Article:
The official said it was highly unlikely that such a space shot would have gone undetected by the North American Aerospace Defense Command, which monitors missile launches worldwide.

    “Even our training launches are recorded,” the official said. “There was nothing on this one.”

    “The intelligence assessments points to that the event didn’t happen,”

  9. Haninah (History)

    Clarification – Geoff, I did not mean to say that the missile used actually WAS a SCUD – rather, the purpose of my post on Danger Room was to explain how Doug Richardson, speaking to the New Scientist, would have reached the conclusion that “the rocket would have a horizontal range of roughly 300 kilometres… with a heavy warhead – about the same as a Scud missile.”

    The title of the piece – “Yawn, It’s a SCUD” – was meant to make a point about the missile’s strategic significance to Danger Room’s general audience, not to make a claim about the missile type to ACW’s more technical audience. On these issues, I certainly defer to your judgment!

  10. confusedponderer (History)

    I can only repeat what I said before: Think beyond ‘Iran wants to nuke Israel’ and you still have strategic significance. Don’t yawn too early, folks, you might miss something. The underlying assumption is that the shot was made in context with threatening Israel. Not all strategic weapons are nukes. How ‘chick’ the Iranian nuclear threat atm however is, let’s try avoid myopia.

    300km is a decent range in its own right. It test makes still a lot of sense when it is understood as a demonstration of the capability to hit targets like US bases in the region. That is still strategically significant. A vertical shot only makes that point in a very subtle, non-escalative way.

  11. Ali (History)

    The possible photo (above) of the Iranian launch is not accurate (see the web site of the Australian Space Research Institute -http://www.asri.org.au/SSRP)

  12. Allen Thomson (History)

    Haninah said,

    >The title of the piece – “Yawn, It’s a SCUD” – was meant to make a point about the missile’s strategic significance…”

    That’s right, I think: Whether this was a Scud, a Zelzal-2, or a new sounding rocket, the bottom line at this point is that the event seems not to indicate any advance in Iran’s military (or other) rocketry capabilities.

  13. Geoff Forden (History)

    Allen Thomson raises a very interesting and important point: could US launch surveillance satellites have detected the launch of a Zelzal-2 rocket? Of course, the capabilities of America’s DSP satellites are some of the most closely guarded secrets we have. However, we can make some guesses based on what is known and the model I used for the Zelzal—which did, admittedly, use a number of assumptions. The most important assumption, for this discussion, was a 30 second burn time. I arrived at this by scaling up the Iraqi Al Fatah solid propellant missile by volume. You can argue about this scaling process, but it was what I came up with at the time. And I didn’t anticipate this debate which is much more sensitive to burn times than the altitude question, the original question I was interested in.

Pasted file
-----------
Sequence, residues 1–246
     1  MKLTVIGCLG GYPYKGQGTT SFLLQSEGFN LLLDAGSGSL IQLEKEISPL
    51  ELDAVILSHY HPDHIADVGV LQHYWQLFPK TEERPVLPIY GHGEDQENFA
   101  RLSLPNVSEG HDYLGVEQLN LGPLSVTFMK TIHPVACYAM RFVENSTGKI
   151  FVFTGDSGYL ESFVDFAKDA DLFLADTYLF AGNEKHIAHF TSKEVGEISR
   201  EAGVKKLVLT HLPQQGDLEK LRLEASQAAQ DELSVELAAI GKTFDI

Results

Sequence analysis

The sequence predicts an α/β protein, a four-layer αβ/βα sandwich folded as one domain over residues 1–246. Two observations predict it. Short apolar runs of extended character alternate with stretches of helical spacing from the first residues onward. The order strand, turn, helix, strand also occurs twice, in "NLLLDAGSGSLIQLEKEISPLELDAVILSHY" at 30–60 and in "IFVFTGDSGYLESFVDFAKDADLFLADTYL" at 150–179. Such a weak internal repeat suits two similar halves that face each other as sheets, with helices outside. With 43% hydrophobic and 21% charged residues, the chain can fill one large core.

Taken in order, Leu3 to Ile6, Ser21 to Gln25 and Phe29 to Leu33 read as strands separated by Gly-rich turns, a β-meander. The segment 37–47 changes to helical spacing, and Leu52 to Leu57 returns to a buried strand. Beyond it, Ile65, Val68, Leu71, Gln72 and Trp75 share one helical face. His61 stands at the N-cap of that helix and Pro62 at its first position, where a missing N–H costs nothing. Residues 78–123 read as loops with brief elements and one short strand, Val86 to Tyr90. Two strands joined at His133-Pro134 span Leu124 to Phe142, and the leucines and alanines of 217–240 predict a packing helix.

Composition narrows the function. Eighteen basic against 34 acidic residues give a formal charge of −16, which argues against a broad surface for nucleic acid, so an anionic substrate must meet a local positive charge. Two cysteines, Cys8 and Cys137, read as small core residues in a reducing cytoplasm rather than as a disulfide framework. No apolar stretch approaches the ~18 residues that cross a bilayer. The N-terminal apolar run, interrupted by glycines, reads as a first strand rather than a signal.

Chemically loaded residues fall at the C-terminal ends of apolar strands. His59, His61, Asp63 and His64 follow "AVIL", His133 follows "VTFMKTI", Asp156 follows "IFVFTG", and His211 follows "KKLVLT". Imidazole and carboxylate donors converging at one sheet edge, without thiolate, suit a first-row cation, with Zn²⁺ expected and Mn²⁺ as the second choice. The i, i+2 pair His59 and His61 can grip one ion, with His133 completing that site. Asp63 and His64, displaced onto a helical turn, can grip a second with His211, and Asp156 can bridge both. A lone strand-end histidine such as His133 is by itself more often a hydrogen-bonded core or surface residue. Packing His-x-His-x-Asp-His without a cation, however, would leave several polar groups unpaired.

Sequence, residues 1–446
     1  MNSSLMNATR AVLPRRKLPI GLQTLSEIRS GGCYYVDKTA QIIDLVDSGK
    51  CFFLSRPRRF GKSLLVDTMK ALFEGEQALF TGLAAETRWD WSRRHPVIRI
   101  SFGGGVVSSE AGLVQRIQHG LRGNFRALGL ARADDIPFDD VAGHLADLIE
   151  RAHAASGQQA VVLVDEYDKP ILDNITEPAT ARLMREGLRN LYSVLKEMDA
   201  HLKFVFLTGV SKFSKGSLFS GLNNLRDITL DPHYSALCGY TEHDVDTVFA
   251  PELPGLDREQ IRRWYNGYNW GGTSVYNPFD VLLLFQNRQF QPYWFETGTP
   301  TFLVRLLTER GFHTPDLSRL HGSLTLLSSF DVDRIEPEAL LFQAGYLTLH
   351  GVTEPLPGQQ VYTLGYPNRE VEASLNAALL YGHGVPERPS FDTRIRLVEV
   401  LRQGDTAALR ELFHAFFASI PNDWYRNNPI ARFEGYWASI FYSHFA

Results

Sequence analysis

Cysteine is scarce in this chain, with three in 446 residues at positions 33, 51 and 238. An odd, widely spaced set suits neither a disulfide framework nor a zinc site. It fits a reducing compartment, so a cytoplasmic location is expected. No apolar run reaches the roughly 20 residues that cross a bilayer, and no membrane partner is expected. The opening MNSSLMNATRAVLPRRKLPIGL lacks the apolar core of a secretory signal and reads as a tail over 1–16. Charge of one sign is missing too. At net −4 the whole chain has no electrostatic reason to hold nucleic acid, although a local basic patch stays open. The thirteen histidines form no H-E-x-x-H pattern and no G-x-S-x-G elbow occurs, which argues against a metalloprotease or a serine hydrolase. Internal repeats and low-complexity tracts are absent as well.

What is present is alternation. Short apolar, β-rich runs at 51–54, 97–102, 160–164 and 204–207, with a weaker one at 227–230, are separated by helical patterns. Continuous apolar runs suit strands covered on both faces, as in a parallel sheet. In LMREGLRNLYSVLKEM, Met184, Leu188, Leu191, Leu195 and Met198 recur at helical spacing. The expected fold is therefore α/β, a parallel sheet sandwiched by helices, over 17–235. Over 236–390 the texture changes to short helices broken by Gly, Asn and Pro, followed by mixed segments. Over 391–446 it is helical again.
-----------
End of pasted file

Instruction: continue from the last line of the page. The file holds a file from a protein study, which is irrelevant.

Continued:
Given a 30 second burn time, that means that the rocket burns out at 24 km, which is certainly above the rather fuzzy threshold for when DSP starts detecting rocket plumes. However, the rocket was at an altitude of 10 km, perhaps the appropriate lower altitude for detection, only 10 seconds earlier. If true, that means that the rocket would have only been detected once by each of the DSP satellites that were observing it; for perhaps a total of two detections and those at different times in its flight.

    DSP satellites are reported to have detected most, if not all, of the Al Husseins launched during the Iraq-Iran war. Those had thrusts of about 24 tons while the Zelzal-2 has a thrust of 32 tons but they also burn for considerably longer and rise to considerably greater heights during thrust than the Zelzal does. Also, and importantly, the exhaust plume intensity of a solid propellant missile is cut by a factor of 2 relative to a liquid propellant missile of the same thrust because of the “dust” in the plume. That means that instead of 32 tons relative to the Al Hussein’s 24 ton thrust, we should compare 16 tons to 24 tons. This and the relatively short time the plume is visible to DSP satellites makes it conceivable that it could have been missed, even give any sensor improvements from the 1980s block DSP to the current blocks.

    Ps. In my original post I did not pay sufficient credit to the original DangerRoom post pointing out that this was not a strategic missile. Haninah Levine did a service to the community for tracking that down and pointing it out.

    Pps. Jeffrey: we need a way to post missile model files so that people can exchange missile parameter files and use GUI_missile_flyout to simulate the same missiles. I will try to post the Zelzal-2 model on my website, http://mit.edu/stgs/downloads.html but I’m not capable of doing it quickly because of my lack of web-knowledge.

  14. Geoff Forden (History)

    oops!I goofed up the conversion from newtons to tons. The thrusts of the two missiles should beAl Hussein: 11 TonsZelzal-2: 15 Tons.

    Taking into account the factor of 1/2 for the solid propellant intensity you should compare 7.5 tons to 11 tons.

    sorry about the mistake!